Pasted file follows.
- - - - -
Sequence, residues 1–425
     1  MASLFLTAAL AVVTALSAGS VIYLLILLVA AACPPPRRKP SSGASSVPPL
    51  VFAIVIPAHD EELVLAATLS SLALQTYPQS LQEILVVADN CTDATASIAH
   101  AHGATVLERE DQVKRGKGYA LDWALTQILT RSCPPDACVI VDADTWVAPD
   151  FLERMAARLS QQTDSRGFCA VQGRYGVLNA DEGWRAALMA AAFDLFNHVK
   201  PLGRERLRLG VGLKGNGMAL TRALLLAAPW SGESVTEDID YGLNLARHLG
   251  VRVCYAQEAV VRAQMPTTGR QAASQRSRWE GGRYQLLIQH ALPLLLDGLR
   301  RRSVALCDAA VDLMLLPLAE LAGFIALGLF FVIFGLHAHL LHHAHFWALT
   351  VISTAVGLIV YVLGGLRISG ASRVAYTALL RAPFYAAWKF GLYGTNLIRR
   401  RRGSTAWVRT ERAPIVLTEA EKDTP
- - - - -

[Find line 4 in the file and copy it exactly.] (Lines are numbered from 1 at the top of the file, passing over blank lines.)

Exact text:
   101  AHGATVLERE DQVKRGKGYA LDWALTQILT RSCPPDACVI VDADTWVAPD